The introduction of an insurance guaranty scheme can have significant in- fluence on the pricing and capital structures in a competitive market. The aim of this article is to study this effect on competitive equity-premium combinations while considering a framework with policyholders and equity holders where guaranty fund charges are volume-based, as levied in existing schemes. Several settings with regard to the origin of the fund contributions are assessed and the immediate effects on the incentives of the policyhold- ers and equity holders are analyzed through a one-period contingent claim approach. One result is that introducing a guaranty scheme in a market with competitive conditions entails a shift of equity capital towards minimum solvency requirements. Hence, adverse incentives may arise with regard to the overall security level of the industry.
In many countries, insurance guaranty schemes are in place to cover a part of the obligations of insolvent insurers. Over recent decades, guaranty funds have been in- troduced when a country's insurance sector has assisted, in a cooperative effort with the regulator, in the liquidation of one (or more) defaulting companies. One example is German life insurer Mannheimer Lebensversicherung (344,000 life insurance con- tracts), which was in financial distress and then taken over in 2003 by a funded rescue company named Protektor. Today, Protektor acts as an insurance guaranty fund and a general rescue company for the German life insurance industry.1 Recent turbulence in the financial markets highlighted the need for a review of the current regulations. The latter include solvency measurement (e.g., European Union Solvency II), and the reexamination, or introduction where they do not exist, of customer guaranty sys- tems, as well as schemes for the banking and the insurance fields. While the review of banking deposit insurance systems in the European Union led to higher caps over the last year and months with homogenization by the end of 2011 (see, e.g., ECOFIN Council, 2008), the insurance sector has no comparable comprehensive system. It is undoubtedly difficult to justify the cost of insolvencies falling on taxpayers and so- ciety as a whole, even if adequate supervision can reduce the likelihood of insurers defaulting. A recent example, albeit in which the core insurance business may not have been the main trigger, is the bailout of insurance giant AIG in 2008, where it is still unclear whether taxpayers will ever be repaid in full.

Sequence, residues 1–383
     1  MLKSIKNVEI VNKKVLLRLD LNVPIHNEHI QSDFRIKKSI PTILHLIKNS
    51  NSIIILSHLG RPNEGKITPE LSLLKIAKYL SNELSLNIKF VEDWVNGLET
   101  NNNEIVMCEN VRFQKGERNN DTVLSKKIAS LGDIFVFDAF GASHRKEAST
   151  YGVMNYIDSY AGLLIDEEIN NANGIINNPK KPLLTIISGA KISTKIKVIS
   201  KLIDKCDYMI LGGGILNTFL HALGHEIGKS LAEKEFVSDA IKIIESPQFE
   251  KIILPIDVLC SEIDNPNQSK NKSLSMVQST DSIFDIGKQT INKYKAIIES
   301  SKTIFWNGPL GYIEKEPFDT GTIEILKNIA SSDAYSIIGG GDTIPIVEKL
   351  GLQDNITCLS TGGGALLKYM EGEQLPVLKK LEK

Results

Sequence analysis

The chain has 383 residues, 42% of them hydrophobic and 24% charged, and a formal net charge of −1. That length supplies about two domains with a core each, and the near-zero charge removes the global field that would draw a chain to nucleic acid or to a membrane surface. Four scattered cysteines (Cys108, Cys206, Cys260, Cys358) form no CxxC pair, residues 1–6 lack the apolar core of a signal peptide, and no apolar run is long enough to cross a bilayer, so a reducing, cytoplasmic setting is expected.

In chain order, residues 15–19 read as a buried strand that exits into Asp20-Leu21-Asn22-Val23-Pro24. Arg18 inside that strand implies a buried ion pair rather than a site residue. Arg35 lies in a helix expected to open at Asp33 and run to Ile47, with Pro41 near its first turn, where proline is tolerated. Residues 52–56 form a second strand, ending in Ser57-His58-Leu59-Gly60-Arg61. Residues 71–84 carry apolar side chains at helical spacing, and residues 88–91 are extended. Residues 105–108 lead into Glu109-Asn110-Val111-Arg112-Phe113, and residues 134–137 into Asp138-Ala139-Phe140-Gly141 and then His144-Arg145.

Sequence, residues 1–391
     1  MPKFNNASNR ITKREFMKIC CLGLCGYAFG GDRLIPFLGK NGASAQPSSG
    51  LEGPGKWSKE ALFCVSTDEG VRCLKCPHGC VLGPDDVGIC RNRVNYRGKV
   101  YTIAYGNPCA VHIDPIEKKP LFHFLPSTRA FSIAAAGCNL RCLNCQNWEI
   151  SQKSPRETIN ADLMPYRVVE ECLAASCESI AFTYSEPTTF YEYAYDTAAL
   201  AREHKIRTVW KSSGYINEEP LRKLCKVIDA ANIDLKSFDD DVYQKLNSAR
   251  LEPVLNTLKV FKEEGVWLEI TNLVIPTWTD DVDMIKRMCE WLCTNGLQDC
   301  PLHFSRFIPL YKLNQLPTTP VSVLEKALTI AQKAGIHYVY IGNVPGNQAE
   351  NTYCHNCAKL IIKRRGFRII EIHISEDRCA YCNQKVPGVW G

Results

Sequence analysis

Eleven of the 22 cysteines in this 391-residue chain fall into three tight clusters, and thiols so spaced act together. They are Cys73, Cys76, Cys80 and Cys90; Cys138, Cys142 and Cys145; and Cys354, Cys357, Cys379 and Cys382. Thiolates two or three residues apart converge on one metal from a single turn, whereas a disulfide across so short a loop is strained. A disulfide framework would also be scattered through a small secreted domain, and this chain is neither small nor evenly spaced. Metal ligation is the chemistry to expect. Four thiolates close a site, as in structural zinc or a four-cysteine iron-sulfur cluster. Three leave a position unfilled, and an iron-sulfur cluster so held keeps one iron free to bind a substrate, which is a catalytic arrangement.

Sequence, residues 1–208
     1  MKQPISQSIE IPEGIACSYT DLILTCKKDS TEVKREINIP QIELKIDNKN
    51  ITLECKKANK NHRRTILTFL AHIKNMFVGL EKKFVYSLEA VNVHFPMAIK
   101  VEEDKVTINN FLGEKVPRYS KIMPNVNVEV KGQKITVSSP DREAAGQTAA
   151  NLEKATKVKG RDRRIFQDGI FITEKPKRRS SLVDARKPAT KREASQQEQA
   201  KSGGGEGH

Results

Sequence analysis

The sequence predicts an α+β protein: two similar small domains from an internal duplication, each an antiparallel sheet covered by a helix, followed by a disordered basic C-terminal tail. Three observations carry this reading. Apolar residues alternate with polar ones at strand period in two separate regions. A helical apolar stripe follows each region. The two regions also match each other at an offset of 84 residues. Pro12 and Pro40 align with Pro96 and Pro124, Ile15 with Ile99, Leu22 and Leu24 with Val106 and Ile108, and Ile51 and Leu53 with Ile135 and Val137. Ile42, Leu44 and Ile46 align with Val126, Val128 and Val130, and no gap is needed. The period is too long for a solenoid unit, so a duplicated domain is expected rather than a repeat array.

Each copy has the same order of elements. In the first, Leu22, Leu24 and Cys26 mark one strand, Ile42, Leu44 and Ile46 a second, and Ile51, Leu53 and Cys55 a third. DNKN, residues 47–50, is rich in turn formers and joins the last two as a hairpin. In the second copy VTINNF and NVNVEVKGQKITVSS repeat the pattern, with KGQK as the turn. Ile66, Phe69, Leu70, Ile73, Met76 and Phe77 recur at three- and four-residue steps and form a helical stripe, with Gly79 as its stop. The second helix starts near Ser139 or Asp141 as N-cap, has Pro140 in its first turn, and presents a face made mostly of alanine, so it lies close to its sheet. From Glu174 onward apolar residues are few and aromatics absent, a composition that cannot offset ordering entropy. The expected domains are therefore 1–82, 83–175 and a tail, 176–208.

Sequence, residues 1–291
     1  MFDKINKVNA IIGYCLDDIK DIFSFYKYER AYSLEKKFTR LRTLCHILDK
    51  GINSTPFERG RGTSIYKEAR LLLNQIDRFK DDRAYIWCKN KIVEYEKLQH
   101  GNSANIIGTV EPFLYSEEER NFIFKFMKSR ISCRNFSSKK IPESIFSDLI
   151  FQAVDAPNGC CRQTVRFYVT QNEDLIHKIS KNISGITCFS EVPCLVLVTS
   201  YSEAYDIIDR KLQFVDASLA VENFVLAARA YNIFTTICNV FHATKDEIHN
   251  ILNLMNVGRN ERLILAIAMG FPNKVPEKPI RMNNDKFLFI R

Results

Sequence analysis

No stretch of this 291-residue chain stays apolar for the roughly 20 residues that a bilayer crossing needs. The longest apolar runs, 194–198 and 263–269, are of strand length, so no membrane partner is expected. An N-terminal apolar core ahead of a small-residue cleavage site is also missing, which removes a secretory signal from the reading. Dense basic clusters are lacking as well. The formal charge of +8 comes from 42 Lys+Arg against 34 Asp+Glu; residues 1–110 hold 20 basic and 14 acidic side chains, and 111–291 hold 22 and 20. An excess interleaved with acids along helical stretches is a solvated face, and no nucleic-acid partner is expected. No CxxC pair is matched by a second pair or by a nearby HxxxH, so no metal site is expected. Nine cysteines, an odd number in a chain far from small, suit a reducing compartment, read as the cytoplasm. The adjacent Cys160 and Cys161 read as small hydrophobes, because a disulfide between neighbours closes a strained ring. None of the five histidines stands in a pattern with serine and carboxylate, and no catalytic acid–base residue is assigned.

As part of the European Union's response to the economic and financial crisis,2 the European Commission has announced a review of the adequacy of existing guaranty schemes in the insurance sector. The initiative, based on work undertaken since 2001, led to a White Paper in 2010, setting out a European solution for insurance guaranty schemes (European Commission, 2010b).3 Whereas in the United States each state has two guaranty associations, one for life insurance and the other for property-liability insurance, with both associations being incorporated in national organizations, the insurance guaranty scheme landscape in Europe is heterogeneous. An extensive anal- ysis of existing guaranty schemes in the European Union in 2007 (Oxera, 2007, p. 7) finds that 13 countries out of the 27 Member States had introduced relevant schemes supporting either the life or nonlife insurance sectors, or part of these.4 The guaranty scheme systems of the various countries are very similar, but differ in extent. From a (cross-border) European perspective, many questions arise when facing the challenge of unification, or of the fund volume needed (European Commission, 2010a). The lack of harmonized insurance guaranty scheme arrangements within the European Union hinders effective and equal consumer protection. In light of the lessons drawn from the recent crisis, the development of harmonized guaranty schemes could …